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The Aging Process: Apoptosis and the Elderly: Part XI

Apoptosis is a term coined in 1972 to describe programmed cell death characterized by an organized and controlled sequence of molecular and cellular events culminating in the removal of a cell from its potential or current physiological or pathological function. It is an active, genetically controlled process by which multicellular organisms regulate cell numbers thus removing unwanted or damaged cells. Apoptosis is a highly orchestrated cell death process that allows cells to die in a controlled fashion. All cells have the intracellular machinery necessary for programmed cell death. Whether or not they use that machinery depends on the cell type, its tissue context, the presence or absence of physiological death-promoting signals, and the extent to which a cell is damaged or dysfunctional.

There are two ways in which cells die: they are killed by injurious agents or they are induced to commit suicide. The two ways are called necrosis and apoptosis. Apoptosis is an active process of cellular self-destruction, a regulated energy-dependent process involving the activation of a cascade of proteases and endonucleases (i.e. caspases). Necrosis occurs as a result of injury causing severe molecular and/or structural damage leading to progressive, irreversible and catastrophic metabolic failure. This results in membrane disruption, cell swelling and eventual cell lysis and fragmentation, with an associated acute inflammatory response. The cell death pathway switches on in certain cells and a cascade of proteases is activated, leading to lysis that results in rupture of a cellís plasma membrane, leading to the release of cytoplasm and the death of these cells.

Unlike necrosis, the apoptotic process is active, energy requiring and precisely regulated. The lack of inflammation is the hallmark of apoptosis as compared with necrosis. It differs from classical necrosis in its histological appearance, in not being degenerative in nature, in affecting only scattered cells and in not being accompanied by inflammation. It occurs in normal adult tissues, where it is probably implicated in cellular turnover and is involved both in physiological involution and pathological atrophy of tissue. It occurs spontaneously in tumor growth, often substantially retarding their growth and it is enhanced in tumors responding to at least some types of therapy. Apoptosis takes care of unwanted, injured or virus-infected cells. Failure of apoptosis can cause autoimmune disease. It can lead to cancer (It could play an important role in future drug therapy for treatment of cancers.)

Apoptosis occurs in the presence of the P53 protein, which functions as a regulator of both cellular proliferation and apoptosis. The induction of p53 results in (1) arrest of cell cycle, to allow for DNA repair or (2) apoptosis, when repair is impossible. The p53 tumor suppressor gene encodes a 53?Da nuclear phosphoprotein that plays a major role in the synthesis, repair and apoptotic function of the cell cycle. These mechanisms have likely evolved to maintain the stability of the genome during cellular stress from DNA damage, hypoxia and activated oncogenesis. When cellular DNA is damaged, the p53 protein arrests growth until the damage is repaired. Alternatively, p53 will induce apoptosis if damage is severe.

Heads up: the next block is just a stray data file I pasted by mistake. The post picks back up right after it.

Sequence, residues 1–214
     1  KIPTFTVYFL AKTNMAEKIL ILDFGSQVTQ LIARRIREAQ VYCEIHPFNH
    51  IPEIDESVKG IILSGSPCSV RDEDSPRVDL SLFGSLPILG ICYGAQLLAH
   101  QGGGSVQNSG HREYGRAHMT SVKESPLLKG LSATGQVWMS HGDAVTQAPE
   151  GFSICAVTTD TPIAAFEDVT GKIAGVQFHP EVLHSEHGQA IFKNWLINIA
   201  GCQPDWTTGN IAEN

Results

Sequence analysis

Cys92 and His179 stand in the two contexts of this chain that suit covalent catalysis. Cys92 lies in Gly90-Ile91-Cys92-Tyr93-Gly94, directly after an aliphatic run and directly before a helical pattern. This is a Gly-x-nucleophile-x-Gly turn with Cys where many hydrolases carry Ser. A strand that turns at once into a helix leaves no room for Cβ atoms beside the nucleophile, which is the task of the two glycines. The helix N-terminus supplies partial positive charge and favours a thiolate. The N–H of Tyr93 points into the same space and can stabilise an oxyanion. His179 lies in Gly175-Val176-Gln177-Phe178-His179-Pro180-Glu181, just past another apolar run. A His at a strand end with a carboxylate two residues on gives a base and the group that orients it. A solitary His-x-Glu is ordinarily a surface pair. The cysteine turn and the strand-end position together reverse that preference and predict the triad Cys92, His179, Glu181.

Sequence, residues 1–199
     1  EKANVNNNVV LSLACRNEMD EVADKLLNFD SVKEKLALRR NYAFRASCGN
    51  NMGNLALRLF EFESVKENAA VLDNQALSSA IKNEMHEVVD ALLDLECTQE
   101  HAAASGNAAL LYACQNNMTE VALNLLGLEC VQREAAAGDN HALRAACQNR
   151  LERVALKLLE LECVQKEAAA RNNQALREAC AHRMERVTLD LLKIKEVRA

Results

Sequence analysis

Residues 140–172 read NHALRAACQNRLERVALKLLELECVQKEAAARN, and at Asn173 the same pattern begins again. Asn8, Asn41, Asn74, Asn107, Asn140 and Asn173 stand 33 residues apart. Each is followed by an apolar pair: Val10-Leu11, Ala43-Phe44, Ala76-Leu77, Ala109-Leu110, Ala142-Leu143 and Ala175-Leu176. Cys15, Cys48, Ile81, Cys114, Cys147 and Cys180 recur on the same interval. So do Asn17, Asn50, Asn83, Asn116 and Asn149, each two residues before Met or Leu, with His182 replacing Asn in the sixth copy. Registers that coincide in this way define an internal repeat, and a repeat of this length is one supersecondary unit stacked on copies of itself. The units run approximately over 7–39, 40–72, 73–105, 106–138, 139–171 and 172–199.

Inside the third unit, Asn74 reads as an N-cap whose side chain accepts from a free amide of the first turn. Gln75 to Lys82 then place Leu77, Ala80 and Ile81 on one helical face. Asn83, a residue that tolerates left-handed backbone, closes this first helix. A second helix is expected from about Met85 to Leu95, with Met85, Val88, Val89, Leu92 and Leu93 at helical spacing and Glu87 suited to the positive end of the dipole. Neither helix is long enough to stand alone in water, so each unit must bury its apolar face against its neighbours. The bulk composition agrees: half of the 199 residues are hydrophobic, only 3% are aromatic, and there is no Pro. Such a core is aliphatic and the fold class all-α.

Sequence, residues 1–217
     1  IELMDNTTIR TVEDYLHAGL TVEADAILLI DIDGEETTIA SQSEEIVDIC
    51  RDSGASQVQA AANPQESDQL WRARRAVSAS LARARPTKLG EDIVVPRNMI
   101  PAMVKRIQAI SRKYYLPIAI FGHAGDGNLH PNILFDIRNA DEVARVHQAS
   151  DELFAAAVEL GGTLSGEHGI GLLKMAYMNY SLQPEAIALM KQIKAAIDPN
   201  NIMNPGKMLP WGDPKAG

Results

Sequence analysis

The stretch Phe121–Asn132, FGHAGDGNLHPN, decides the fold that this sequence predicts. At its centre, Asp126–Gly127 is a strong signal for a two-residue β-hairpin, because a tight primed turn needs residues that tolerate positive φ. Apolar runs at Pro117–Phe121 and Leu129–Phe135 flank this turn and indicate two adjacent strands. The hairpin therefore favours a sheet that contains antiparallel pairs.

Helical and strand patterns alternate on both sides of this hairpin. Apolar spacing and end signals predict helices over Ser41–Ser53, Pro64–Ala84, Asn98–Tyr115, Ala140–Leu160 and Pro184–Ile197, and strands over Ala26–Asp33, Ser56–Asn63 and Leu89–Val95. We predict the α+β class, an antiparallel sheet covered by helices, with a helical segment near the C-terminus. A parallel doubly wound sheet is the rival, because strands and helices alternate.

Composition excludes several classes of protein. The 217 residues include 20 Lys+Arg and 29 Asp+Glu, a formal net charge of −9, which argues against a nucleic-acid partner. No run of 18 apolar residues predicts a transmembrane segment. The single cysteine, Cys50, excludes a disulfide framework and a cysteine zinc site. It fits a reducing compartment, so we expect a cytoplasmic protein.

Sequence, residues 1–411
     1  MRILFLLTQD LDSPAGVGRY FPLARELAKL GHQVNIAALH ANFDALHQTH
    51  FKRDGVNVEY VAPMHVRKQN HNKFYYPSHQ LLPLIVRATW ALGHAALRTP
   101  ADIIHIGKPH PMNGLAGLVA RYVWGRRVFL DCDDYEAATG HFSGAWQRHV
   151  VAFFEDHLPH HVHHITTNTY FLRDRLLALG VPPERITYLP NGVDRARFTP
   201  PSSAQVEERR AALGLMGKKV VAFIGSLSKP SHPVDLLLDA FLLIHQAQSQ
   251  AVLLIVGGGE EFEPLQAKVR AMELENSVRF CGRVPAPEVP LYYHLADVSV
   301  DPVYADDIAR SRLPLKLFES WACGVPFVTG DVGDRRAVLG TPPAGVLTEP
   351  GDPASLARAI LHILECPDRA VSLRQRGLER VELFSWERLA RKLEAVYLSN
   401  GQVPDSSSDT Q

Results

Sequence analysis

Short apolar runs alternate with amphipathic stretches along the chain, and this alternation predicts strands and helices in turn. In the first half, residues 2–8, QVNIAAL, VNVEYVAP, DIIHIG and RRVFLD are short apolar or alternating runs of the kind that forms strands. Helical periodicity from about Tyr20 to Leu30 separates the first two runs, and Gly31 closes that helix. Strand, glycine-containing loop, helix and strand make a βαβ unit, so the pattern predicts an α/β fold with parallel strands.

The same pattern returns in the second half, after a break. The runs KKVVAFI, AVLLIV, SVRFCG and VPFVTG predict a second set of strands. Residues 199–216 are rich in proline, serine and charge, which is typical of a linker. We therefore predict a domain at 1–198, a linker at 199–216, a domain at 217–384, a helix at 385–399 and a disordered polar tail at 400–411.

Bcl-2 is an onco-protein, which protects cells against programmed cell death. It was found to be responsible for certain types of cancer and also was found to be widely expressed in fetal tissue. It is part of a growing multi-gene family, whose members can act either as up-regulators or down-regulators of apoptosis. The Bcl-2 family member's heterodimerize with one another and through this interaction regulate apoptosis. Therefore, the fate of a cell will be decided by the ratio of the pro-apoptotic and anti-apoptotic protein.

From the above description, one can see that our overall health relies to a great extent on the proper balance between the normal removal of damaged or unneeded cells via apoptosis and proliferation of the cells that comprise our body. Increasing evidence suggests that apoptosis is involved in many physiological processes and pathological conditions. It plays an important role during development in maintaining tissue homeostasis, in responding to cellular damage, and in preventing neoplastic disease.

There are various types of apoptosis, induced by different kinds of stimuli and in cells and tissues of different natures. On the basis of the nature of apoptosis-inducing stimuli, two main apoptotic pathways can be identified: an activation-induced apoptosis, initiated by a variety of signals, such as the binding of ligands to their death-promoting receptors on the cell surface and a damage-induced apoptosis, triggered by damage to the nucleus or other cellular parts.

Apoptosis is strongly involved in many changes characteristic of immunosenescence such as thymic involution, alteration of T cell repertoire, accumulation of memory/effector cells and autoimmunity. (T cell function is decreased in elderly compared to young individuals. This perceived deterioration of immune responses is designated "immunosenescence" and is found in both long and short-lived species as a function of their age relative to life-expectancy rather than chronological time)

The first report of a Swedish longitudinal study of the very old has provided supportive data. Initially, data were collected on 102 donors aged 86 - 92. Two years later, 75 of these were still alive. A comparison of the two groups showed that non-survival was associated with the clustered parameters of poor T cell proliferative responses, high CD8 (cytotoxic/suppressor cell) cell fraction, and low CD4 (helper/delayed-type hypersensitivity [DTH] cell) and CD19 (B) cells. It was found that no single parameter was predictive for survival, but that a cluster of the above parameters was predictive.

Other data illustrating the importance of the immune system in healthy aging come from other studies on centenarians. By and large, unlike the "average" elderly, the healthy very elderly (centenarians) are found to have well-preserved immune functions, similar but not identical to, the "young" immune system. They are among the 76,000* Americans who hold the distinction of being centenarians, a group now believed to be the fastest growing group of Americans.